N-P: Why did you vote for the referendum to be put on the ballot?
Tarter: First off, the school is reaching its capacity. There are a number of systems such as the roof, HVAC and other things that are starting to reach the end of their useful lives, so there is absolutely a need for this conversation and I think it is an appropriate time to be considering this. I think it’s something that can help the community, so, again, cognizant of what I can and can’t say, but I did and I think my vote speaks for itself.
N-P: Can you explain your reasoning for supporting the full CIP as well?
Tarter: The full CIP is an investment in our community’s future. We’ve had periods in time in the ‘50s and the ‘90s where we had to make substantial investment in our infrastructure to keep our community growing and improve and enhance what we’ve got here now, and now is one of those times.
Our school’s reaching the end of its useful life – 60-odd years old – and we have enrollment that’s growing that’s causing us to make it bigger anyway. We’re in that process with Mount Daniel. The library, City hall, George Mason High School, even Mary Ellen Henderson Middle School will have some changes as well if the referendum is approved. I think it’s appropriate, it’s an investment in our future. Our schools are fantastic right now, but with new and improved facilities they’re going to be better. This is really an investment in our community and I’m supportive of that.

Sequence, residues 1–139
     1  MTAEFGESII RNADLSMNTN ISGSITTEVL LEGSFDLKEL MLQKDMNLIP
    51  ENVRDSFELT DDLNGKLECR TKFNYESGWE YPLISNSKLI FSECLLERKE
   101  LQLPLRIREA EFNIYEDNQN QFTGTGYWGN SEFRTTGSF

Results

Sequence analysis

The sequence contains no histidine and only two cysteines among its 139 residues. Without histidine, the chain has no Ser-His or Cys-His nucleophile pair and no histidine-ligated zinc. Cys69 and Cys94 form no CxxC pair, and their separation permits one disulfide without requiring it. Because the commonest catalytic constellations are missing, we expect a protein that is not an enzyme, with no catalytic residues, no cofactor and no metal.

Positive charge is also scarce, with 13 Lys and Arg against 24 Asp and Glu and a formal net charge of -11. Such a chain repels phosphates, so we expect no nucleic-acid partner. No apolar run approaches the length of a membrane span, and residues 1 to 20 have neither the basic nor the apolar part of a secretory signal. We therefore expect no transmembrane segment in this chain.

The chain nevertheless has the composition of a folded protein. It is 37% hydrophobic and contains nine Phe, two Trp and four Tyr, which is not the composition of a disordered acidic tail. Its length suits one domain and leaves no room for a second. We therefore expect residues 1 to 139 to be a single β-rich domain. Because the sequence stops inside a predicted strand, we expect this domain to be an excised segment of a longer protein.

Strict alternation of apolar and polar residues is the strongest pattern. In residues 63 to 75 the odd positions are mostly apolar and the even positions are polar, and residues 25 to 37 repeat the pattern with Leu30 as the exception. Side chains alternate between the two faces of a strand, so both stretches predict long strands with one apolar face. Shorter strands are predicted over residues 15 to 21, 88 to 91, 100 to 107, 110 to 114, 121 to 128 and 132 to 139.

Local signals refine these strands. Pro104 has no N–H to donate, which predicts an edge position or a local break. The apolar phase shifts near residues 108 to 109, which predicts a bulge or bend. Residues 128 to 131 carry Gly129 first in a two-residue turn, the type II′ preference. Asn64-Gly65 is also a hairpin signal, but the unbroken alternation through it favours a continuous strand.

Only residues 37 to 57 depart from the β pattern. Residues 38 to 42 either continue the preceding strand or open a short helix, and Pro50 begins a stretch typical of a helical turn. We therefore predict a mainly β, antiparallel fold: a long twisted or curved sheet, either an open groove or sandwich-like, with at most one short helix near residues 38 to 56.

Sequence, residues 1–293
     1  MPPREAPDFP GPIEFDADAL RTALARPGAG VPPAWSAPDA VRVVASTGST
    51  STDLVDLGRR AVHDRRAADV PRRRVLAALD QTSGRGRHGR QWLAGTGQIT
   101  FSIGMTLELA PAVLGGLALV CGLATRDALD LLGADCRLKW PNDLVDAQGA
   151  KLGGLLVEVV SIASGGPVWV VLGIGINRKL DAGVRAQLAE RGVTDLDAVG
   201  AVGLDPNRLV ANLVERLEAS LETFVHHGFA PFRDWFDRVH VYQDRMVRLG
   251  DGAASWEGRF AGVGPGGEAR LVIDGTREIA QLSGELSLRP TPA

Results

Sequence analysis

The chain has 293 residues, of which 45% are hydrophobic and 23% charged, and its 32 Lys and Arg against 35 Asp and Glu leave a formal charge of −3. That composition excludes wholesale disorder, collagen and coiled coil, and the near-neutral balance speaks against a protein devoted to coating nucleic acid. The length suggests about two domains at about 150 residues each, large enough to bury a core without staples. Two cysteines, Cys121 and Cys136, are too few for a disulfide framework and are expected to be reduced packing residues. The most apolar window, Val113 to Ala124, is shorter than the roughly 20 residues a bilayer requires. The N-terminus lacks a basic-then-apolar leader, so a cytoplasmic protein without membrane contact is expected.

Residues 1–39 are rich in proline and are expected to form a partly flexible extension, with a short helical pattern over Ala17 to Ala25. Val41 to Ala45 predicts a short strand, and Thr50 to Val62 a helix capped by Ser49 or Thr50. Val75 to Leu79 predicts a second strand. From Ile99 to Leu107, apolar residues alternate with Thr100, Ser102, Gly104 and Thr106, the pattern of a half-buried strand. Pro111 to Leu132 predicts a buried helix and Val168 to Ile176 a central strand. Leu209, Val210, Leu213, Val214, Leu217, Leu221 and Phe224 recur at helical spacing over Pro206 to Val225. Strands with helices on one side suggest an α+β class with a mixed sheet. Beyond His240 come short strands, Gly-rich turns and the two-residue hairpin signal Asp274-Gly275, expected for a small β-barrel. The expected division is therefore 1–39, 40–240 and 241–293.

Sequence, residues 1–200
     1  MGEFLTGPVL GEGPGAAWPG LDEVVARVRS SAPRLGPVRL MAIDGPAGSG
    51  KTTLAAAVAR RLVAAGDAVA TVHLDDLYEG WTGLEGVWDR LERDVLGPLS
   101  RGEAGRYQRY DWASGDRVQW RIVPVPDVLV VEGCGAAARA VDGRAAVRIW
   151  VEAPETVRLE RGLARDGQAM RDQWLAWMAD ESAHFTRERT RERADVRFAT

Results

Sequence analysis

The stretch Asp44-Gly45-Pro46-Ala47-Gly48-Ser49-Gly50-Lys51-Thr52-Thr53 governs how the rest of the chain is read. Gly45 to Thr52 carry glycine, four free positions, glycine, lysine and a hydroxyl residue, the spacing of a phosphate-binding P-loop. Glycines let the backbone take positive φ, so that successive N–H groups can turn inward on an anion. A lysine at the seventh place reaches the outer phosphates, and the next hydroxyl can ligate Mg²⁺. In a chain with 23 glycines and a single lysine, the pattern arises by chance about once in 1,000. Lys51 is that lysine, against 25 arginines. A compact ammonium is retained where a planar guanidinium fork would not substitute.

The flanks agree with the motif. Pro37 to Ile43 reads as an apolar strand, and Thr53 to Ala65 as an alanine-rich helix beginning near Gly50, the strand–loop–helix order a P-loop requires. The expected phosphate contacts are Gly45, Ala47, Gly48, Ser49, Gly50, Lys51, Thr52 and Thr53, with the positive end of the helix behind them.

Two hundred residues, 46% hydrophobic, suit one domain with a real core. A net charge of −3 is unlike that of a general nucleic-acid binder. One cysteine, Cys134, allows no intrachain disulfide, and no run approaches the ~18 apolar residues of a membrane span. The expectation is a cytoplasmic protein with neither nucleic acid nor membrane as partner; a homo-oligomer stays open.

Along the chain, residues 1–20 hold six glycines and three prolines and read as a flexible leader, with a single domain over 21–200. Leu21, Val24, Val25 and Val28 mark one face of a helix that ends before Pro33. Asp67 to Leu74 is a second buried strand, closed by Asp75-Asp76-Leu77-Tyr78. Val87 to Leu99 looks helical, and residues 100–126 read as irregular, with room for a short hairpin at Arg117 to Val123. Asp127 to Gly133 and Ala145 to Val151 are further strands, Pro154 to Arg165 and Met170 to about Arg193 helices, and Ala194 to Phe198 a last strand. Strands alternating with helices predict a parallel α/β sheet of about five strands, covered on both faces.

N-P: Last year in your “State of the City” interview you said you wanted to hear from the people and what they thought should occupy the 10-acre plot of land designated for commercial development on the site of the new George Mason High School. What kind of input have you received from citizens?
Tarter: I have heard what people want – they want something special in our city. That could be entertainment, that could a sportsplex of some kind, an ice rink; something that brings the community together. I think the challenge with that is typically those sort of things are not very profitable, and so a developer that comes in will discount the land price because they’re not going to make as much money off an ice rink as they would on an apartment or some other use. So the balance we’ll need to come to grips with as a community is how do we balance the things that we want with the value that’s created by them and the value that could be created by some other use.
Really, the discussion that needs to happen more fully is ‘What’s the highest and best use of that land’ and how we may want to not necessarily take the highest and best use for the land, but put something else there that benefits the community in some other way, such as entertainment of some kind and how do we create a special place. That’s a discussion that I think is ongoing and will accelerate if this referendum is approved and it’s an appropriate discussion to figure out what’s the best thing for this land. We want to create a special place and enhance the sense of community we have already, and I think there’s some great opportunities for that with 10 acres of land situated very close to a Metro station.
Part two of the News-Press’ State of the City interview with Mayor Tarter will be published next week.